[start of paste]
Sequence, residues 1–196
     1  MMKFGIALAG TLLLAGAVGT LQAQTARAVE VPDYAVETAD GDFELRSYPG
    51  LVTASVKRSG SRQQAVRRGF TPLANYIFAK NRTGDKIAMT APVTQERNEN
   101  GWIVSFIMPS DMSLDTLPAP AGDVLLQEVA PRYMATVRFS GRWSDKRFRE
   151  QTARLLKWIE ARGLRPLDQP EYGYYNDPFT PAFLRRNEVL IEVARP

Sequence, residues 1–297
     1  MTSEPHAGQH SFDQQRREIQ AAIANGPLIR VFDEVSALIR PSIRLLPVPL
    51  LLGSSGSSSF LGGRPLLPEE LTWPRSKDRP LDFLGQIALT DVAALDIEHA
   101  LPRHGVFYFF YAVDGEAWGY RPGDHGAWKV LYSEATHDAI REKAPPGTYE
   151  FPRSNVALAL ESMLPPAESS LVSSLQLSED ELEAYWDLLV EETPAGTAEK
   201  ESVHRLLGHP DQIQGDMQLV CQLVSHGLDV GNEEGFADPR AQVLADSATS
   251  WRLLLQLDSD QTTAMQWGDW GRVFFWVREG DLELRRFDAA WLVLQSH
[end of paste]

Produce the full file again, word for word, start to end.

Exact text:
Sequence, residues 1–196
     1  MMKFGIALAG TLLLAGAVGT LQAQTARAVE VPDYAVETAD GDFELRSYPG
    51  LVTASVKRSG SRQQAVRRGF TPLANYIFAK NRTGDKIAMT APVTQERNEN
   101  GWIVSFIMPS DMSLDTLPAP AGDVLLQEVA PRYMATVRFS GRWSDKRFRE
   151  QTARLLKWIE ARGLRPLDQP EYGYYNDPFT PAFLRRNEVL IEVARP

Sequence, residues 1–297
     1  MTSEPHAGQH SFDQQRREIQ AAIANGPLIR VFDEVSALIR PSIRLLPVPL
    51  LLGSSGSSSF LGGRPLLPEE LTWPRSKDRP LDFLGQIALT DVAALDIEHA
   101  LPRHGVFYFF YAVDGEAWGY RPGDHGAWKV LYSEATHDAI REKAPPGTYE
   151  FPRSNVALAL ESMLPPAESS LVSSLQLSED ELEAYWDLLV EETPAGTAEK
   201  ESVHRLLGHP DQIQGDMQLV CQLVSHGLDV GNEEGFADPR AQVLADSATS
   251  WRLLLQLDSD QTTAMQWGDW GRVFFWVREG DLELRRFDAA WLVLQSH